The claimant was subject to an ‘unless order’ which required the claimant to pay certain court fees by a specified time and date, failing which the claim would be struck out. The claimant sent a cheque to the court by document exchange on the due date, meaning the cheque would arrive at least one day late. In addition, the cheque was lost in the post, and the non-payment came to the attention of the parties some three weeks later only at a pre-trial review. The claimants made the payment two days later. The judge refused relief from sanctions and the claim was struck out. The claimant appealed.
Utilise The claimant filed a costs budget 45 minutes late, in breach of an ‘unless order’ which required the claimant to file the costs budget by a specified time and date, failing which the claimant would be barred from recovering its costs. The claimant was also 13 days late in complying with an order requiring it to
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notify the court of the outcome of negotiations. The District Judge refused relief from sanctions. The judge on the first appeal dismissed the appeal. The claimant brought a second appeal.
Criticisms of Mitchell
The Court of Appeal identified criticisms of its own earlier judgment in Mitchell, in particular the concern that “it has led to the imposition of disproportionate penalties on parties for breaches which have little practical effect on the court of litigation… [O]ne party gets a windfall, while the other party is left to sue its own solicitors. This is unsatisfactory and adds to the cost of litigation through increases in insurance premiums… [T]he consequences of this unduly strict approach have been to encourage (i) uncooperative behaviour by litigants; (ii) excessive and unreasonable satellite litigation; and (iii) inconsistent approaches by the courts.”3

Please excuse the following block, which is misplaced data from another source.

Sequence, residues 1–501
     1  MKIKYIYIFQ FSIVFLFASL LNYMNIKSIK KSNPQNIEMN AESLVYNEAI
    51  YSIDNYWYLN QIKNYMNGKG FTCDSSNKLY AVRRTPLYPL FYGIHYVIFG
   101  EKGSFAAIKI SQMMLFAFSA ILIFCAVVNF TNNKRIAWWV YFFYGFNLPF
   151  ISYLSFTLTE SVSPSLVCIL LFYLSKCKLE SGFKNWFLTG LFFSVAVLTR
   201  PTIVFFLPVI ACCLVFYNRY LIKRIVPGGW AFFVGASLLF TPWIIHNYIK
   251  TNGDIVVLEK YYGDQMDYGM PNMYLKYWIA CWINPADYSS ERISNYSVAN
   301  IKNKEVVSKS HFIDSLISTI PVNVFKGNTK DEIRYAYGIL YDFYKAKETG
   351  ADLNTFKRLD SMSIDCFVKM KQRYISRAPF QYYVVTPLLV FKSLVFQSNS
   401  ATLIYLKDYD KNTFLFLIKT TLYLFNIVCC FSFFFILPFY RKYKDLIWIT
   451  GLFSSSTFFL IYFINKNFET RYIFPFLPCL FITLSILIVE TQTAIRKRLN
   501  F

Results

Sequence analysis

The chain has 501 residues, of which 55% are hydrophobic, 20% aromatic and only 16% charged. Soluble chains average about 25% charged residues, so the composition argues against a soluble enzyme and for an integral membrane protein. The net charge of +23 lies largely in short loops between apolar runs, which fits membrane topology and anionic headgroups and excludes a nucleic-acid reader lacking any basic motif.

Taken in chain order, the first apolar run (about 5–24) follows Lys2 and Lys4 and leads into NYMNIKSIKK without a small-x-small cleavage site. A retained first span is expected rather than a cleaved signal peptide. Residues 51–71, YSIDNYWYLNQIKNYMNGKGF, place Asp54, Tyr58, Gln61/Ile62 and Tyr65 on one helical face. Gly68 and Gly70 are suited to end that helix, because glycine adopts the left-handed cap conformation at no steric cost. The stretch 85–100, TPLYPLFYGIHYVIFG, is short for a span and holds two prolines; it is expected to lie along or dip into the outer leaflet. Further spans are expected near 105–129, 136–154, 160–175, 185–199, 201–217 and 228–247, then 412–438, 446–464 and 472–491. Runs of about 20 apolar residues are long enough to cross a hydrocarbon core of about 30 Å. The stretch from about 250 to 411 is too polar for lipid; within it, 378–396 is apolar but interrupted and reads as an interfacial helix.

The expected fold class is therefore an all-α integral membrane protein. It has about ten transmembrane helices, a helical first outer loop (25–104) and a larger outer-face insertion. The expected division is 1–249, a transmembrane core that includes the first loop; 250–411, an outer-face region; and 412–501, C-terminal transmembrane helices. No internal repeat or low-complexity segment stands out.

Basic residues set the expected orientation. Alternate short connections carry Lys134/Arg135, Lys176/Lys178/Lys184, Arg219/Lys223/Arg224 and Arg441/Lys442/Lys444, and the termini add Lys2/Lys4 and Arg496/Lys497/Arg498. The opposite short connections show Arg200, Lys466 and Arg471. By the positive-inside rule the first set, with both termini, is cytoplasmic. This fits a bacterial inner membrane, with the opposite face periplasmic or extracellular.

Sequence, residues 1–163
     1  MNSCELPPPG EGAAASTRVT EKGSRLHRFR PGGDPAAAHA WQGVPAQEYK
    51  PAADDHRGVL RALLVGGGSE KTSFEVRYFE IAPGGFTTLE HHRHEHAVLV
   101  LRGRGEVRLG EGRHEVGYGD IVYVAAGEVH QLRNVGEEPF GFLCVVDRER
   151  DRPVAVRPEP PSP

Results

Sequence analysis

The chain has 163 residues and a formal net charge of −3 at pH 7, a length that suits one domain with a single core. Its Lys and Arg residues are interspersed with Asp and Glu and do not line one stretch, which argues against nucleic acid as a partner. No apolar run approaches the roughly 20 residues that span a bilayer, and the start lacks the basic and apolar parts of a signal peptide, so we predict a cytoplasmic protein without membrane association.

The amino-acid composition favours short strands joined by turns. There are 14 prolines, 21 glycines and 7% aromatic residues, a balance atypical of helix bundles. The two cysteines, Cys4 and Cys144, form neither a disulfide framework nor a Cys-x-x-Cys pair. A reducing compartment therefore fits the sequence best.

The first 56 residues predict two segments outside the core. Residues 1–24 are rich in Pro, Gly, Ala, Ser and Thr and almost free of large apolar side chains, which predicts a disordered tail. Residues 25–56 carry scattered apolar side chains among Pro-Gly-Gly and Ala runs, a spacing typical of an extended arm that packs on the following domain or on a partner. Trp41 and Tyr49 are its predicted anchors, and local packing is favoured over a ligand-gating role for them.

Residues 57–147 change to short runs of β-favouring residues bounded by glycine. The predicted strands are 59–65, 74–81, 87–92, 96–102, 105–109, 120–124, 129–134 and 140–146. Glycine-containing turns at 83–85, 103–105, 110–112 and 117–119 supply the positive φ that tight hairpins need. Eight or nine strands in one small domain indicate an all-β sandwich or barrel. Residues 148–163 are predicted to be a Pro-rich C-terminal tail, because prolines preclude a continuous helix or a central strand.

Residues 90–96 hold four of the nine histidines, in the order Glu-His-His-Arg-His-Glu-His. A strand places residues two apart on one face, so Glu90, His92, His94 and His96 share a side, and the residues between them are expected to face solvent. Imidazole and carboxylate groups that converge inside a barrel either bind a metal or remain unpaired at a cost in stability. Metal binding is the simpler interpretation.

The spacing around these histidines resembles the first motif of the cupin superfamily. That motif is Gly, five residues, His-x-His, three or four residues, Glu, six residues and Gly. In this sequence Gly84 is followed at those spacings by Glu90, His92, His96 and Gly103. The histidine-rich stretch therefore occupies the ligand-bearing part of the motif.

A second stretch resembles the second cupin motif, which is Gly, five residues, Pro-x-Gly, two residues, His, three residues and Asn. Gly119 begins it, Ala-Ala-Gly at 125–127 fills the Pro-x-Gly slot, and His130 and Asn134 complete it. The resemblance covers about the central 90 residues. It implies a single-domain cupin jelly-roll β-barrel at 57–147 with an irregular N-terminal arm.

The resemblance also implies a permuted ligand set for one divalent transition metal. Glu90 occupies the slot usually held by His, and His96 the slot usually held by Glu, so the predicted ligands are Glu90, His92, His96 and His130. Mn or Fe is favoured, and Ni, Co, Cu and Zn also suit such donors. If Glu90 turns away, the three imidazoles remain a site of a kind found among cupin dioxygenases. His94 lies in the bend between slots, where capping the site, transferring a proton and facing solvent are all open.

The Court of Appeal reviewed decisions which had applied Mitchell4, and the decisions in the present appeals, and concluded that some judges were adopting an unreasonable approach to CPR 3.9, some “unduly draconian” (Decadent and Utilise), some “unduly relaxed” (Denton). Some judges, believing they were bound to refuse relief unless a non-compliance was “trivial” or for a good reason, had made decisions which were manifestly unjust and disproportionate.
The Court of Appeal concluded that the court had misunderstood and misapplied Mitchell in some cases, leading to unjust and disproportionate decisions, and therefore Mitchell required clarification and amplification.
Clarification of Mitchell: a new three-stage approach
The Court of Appeal analysed prior decisions which it considered incorrect and set out a three-stage approach for the court to follow when considering an application for relief from sanctions:
1. Identify and assess the seriousness or significance of the failure to comply with any rule, practice direction or court order. A useful concept is to assess materiality, i.e. whether the breach “neither imperils future hearing dates nor otherwise disrupts the conduct of litigation”. If a court finds that a breach is not serious or significant, then relief from sanctions will usually be granted.
2. The court should consider why the failure or default occurred. The Court of Appeal declined to produce a list of “good and bad reasons”.
3. If there is a serious or significant breach, and there is no good reason for the breach, the application for relief from sanctions will not fail automatically. CPR r3.9(1) requires that, in every case, the court will consider “all the circumstances of the case, so as to enable it to deal justly with the application”.